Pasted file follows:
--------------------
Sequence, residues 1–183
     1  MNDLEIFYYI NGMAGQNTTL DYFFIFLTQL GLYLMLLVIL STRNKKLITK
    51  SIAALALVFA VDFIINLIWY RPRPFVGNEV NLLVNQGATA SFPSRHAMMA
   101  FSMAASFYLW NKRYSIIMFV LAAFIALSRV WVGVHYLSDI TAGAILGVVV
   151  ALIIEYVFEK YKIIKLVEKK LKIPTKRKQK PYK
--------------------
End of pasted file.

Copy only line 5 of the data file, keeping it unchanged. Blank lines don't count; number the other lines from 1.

   151  ALIIEYVFEK YKIIKLVEKK LKIPTKRKQK PYK